Upper St. Clair Firefighter and Police Officer Use Plane to Rescue Dogs
Brad Childs and Robert McMaster are working to make their Pittsburgh Aviation Animal Rescue Team a nonprofit organization.
Brad Childs and Robert McMaster are using more than Upper St. Clair fire trucks and police cruisers to help others—they're using an airplane.
Childs, a volunteer firefighter and the vice president of Eyetique, and McMaster, an Upper St. Clair officer, both have a love for flying and animals, so they've teamed up to create the Pittsburgh Aviation Animal Rescue Team.
The organization transports at-risk animals by working with volunteer rescue organizations and shelters. For example, Childs said he'll get a call that a shelter is going to euthanize dozens of dogs, so he'll work through Pilots N Paws to help get the dogs to a no-kill shelter or a "furever" home.
"It's weird, but they (the dogs) know you're helping them get out of a bad situation. I don't know how, but they know, it's crazy," Childs said.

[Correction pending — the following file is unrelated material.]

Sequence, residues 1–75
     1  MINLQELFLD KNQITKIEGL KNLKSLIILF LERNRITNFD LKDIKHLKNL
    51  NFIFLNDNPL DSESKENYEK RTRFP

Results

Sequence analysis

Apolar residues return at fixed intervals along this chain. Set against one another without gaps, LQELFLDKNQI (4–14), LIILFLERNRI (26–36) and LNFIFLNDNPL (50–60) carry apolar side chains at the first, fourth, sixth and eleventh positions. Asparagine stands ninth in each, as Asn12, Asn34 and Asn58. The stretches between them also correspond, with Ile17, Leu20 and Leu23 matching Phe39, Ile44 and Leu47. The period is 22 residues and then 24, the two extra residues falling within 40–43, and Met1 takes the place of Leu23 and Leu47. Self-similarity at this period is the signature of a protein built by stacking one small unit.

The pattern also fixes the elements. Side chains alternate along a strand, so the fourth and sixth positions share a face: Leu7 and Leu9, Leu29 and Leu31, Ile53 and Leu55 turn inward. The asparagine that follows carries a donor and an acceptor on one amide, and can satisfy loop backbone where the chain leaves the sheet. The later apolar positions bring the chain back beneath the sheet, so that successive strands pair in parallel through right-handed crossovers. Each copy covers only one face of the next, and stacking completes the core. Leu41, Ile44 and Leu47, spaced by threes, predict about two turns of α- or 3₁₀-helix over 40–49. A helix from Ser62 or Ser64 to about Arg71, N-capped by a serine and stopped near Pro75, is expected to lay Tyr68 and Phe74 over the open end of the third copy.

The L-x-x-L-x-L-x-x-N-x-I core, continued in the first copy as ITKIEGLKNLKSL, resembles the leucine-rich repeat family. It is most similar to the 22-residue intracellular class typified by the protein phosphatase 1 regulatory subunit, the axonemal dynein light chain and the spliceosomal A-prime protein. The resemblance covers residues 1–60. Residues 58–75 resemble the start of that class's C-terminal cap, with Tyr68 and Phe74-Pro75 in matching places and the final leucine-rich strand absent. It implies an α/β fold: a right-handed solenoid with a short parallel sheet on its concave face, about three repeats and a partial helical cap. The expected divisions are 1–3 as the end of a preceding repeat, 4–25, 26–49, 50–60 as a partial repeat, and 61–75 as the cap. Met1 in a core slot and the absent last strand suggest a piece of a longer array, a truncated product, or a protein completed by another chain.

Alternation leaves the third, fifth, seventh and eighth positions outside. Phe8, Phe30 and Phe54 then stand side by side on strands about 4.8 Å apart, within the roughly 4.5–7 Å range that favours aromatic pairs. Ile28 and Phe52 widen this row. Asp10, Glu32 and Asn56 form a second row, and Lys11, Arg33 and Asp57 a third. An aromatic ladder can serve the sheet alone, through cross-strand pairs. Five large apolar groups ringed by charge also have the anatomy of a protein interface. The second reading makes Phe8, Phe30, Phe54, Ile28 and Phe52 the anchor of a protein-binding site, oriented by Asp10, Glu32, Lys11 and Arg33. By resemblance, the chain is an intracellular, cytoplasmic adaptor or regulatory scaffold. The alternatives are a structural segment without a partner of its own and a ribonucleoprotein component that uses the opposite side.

"I swear you can see the gratitude in the dogs. Most have been abused or neglected. They're on their way to a new life. It's gratifying," McMaster said.
One of their most memorable trips happened about a year ago. They flew a dog in the third leg of a trip to reunite the animal with its owner.
The owner came to Pittsburgh from Florida for a quick doctor's appointment, but found out his cancer returned and he only had days to live. His final wish was to somehow be reunited with his pet, and Childs and McMaster helped make that happen.
"We got him (the dog) back in 20 hours. And that wouldn't even have been possible through a commercial flight," McMaster said. "We see it as we're a specialized taxi service. The real heroes here are the rescue organizations—the people who foster and adopt dogs."
And it's a service that they're mainly paying for out of their own pockets.
"How much money? A lot. But that dog is worth it. They're all worth it," McMaster said.
Childs and McMaster have submitted the paperwork to make Pittsburgh Aviation Animal Rescue Team a nonprofit organization and are hoping to get approval in the near future.
In the meantime, how can you help? Childs said they could always use dog food donations. Send an email to firstname.lastname@example.org and like Pittsburgh Aviation Animal Rescue Team on Facebook to help get the word out.
The organization has already helped more than 200 dogs and raised about 50,000 pounds of dog food. Childs and McMaster said they couldn't do it without their chief pilot, Lawrence (Pete) Lehmann, and the support of their wives, Linda Childs and Anne McMaster.